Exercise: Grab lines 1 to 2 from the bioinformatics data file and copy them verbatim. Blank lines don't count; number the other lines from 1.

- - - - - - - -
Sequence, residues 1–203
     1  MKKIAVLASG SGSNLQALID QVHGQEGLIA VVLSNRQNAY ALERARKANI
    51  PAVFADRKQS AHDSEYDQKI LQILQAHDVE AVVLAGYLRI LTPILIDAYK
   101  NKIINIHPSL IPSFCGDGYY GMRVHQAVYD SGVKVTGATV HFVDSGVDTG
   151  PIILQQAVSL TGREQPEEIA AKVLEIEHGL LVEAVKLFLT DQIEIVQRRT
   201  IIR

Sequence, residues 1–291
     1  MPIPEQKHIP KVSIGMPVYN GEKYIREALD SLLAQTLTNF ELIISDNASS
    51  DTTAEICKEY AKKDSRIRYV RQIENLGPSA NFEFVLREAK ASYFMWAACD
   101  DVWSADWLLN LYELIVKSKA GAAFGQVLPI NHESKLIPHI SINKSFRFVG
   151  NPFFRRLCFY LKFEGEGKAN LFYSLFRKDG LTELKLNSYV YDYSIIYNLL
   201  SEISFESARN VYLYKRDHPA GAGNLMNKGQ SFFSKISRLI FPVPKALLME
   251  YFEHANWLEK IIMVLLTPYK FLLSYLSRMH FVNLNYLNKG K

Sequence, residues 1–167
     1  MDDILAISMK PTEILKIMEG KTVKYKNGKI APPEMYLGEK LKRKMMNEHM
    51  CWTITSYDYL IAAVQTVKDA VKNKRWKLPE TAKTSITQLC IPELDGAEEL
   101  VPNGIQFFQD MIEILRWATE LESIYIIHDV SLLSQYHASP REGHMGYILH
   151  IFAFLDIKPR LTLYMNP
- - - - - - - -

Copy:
Sequence, residues 1–203
     1  MKKIAVLASG SGSNLQALID QVHGQEGLIA VVLSNRQNAY ALERARKANI